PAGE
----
Jewish Grandparenting

Creating a lasting and meaningful Jewish relationship with your grandchildren.

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Ideas for Long-Distance Grandparenting

Photo exchange--Disposable cameras make this a project anyone can do. Continuously snap photos of both formal and informal occasions, then develop two sets, send one, and save the other. Keep a scrapbook and enjoy!

GTV (Grandparent Television Videos)--Become an actor, tell a story, videotape a hallah-making production or other cooking session. Turn the camera on during conversations at the dinner table or in the living room. Take the video camera with you on a walk through the neighborhood to visit places of Jewish interest.

Audio-cassettes--Prepare a quiet-time listening tape by reading an age-appropriate Jewish book or by recording your favorite musical selections.

Progressive art projects--Start a Shabbat mural by sending everyone in the family a sheet of 8" x 10" paper. Using crayons, paints or felt markers, draw your favorite Shabbat symbol. Set a deadline and ask everyone to send their drawings back to you. Tape together and display for your next family gathering. Periodically change the theme of your family mural. Try birthday and holiday celebrations, tikkun olam or many others.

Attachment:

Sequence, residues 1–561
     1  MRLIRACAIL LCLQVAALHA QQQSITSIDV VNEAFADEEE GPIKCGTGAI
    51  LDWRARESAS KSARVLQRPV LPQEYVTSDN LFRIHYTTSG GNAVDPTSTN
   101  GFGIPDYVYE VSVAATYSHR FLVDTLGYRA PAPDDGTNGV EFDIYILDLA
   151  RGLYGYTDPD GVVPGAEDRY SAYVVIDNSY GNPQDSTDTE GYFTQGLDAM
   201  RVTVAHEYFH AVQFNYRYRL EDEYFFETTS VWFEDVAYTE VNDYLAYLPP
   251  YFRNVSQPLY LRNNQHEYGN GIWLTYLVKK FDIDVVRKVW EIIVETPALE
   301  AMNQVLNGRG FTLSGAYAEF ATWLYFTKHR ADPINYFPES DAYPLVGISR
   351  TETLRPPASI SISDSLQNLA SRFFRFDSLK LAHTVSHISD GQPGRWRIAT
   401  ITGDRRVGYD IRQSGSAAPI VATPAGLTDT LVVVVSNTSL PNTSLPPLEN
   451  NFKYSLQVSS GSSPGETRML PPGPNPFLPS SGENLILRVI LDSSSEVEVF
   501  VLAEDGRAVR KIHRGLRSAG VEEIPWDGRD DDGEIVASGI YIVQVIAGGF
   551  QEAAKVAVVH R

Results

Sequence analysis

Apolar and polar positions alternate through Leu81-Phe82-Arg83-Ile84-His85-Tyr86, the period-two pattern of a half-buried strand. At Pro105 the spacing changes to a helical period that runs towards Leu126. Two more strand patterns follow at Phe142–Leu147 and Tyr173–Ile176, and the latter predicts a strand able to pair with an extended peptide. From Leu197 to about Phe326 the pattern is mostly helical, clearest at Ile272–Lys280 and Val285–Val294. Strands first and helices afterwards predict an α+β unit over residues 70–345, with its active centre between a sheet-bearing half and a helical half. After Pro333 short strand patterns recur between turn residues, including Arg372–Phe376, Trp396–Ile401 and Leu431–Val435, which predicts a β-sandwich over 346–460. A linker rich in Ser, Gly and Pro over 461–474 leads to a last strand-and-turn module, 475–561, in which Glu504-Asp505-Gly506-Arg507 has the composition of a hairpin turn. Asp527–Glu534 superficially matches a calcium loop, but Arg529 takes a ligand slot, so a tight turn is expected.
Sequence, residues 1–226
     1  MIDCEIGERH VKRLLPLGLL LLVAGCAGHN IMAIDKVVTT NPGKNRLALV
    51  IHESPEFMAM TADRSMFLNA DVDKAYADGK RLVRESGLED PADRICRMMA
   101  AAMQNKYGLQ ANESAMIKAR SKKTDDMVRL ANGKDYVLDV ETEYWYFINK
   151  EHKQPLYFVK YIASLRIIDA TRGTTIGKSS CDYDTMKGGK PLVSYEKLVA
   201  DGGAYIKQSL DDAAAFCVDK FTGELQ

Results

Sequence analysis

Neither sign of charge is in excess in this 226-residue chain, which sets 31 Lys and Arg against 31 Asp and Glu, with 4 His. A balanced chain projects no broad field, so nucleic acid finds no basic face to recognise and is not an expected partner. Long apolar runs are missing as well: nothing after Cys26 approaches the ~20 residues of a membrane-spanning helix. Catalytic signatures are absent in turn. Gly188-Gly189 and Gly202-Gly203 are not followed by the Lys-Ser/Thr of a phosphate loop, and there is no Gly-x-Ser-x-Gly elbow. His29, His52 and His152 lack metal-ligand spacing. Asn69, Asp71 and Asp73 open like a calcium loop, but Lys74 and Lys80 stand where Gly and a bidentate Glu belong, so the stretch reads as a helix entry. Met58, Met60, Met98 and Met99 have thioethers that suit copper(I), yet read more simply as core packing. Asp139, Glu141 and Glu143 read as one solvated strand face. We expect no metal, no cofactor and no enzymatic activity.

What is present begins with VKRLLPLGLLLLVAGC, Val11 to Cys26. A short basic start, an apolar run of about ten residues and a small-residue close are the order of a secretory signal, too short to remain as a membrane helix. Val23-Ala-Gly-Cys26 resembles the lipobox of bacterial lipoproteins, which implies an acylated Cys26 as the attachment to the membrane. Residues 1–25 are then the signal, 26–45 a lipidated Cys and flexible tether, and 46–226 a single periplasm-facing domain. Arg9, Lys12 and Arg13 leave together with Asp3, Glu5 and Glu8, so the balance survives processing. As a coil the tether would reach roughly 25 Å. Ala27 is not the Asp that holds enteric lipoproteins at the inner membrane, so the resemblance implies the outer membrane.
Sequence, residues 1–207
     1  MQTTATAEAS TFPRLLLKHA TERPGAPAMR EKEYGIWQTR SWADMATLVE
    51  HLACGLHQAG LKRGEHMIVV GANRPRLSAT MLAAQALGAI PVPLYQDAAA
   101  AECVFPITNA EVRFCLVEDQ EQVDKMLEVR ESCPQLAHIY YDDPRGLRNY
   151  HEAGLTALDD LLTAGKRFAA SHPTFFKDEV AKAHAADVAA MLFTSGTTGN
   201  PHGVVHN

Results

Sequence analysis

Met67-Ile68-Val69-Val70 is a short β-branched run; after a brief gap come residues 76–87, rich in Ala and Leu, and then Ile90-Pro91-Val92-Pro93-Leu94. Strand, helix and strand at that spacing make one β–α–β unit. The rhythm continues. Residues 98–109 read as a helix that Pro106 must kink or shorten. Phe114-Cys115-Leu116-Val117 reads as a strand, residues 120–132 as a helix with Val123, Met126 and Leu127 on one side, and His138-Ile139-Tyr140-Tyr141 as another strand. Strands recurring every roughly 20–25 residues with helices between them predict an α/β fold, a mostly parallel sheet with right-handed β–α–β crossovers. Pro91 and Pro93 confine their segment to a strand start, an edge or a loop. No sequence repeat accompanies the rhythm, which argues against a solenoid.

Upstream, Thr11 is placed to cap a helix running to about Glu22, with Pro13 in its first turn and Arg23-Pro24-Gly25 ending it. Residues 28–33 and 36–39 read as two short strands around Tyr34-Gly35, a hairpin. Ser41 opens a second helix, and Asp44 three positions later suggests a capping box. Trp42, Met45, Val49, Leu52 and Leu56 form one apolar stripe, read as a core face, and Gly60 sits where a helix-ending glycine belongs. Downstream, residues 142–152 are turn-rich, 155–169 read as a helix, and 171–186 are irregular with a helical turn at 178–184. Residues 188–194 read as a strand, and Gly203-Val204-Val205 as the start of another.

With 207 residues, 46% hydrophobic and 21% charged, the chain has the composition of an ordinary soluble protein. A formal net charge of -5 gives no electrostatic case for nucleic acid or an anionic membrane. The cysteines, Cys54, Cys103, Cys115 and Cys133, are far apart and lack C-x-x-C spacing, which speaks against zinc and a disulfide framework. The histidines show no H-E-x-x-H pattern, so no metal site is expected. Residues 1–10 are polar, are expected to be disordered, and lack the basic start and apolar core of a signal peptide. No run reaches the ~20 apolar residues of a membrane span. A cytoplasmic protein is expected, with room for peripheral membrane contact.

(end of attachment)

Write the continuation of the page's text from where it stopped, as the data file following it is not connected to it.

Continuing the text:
Love notes and packages--Periodically send little treats. Try home-made goodies such as mandelbread or hazenblozen and enclose your recipe on a pretty index card.

Take a photo and tape it to the center of a circle. Hole-punch the top and thread yarn through it so that it may be hung as a mobile, or on a wall hook or door-knob.

To adapt a Yiddish saying, "One who engages in parenting/grandparenting for one hundred and twenty years will live a long life!"



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Kay Kantor Pomerantz was assistant director of the department of education at the United Synagogue of Conservative Judaism.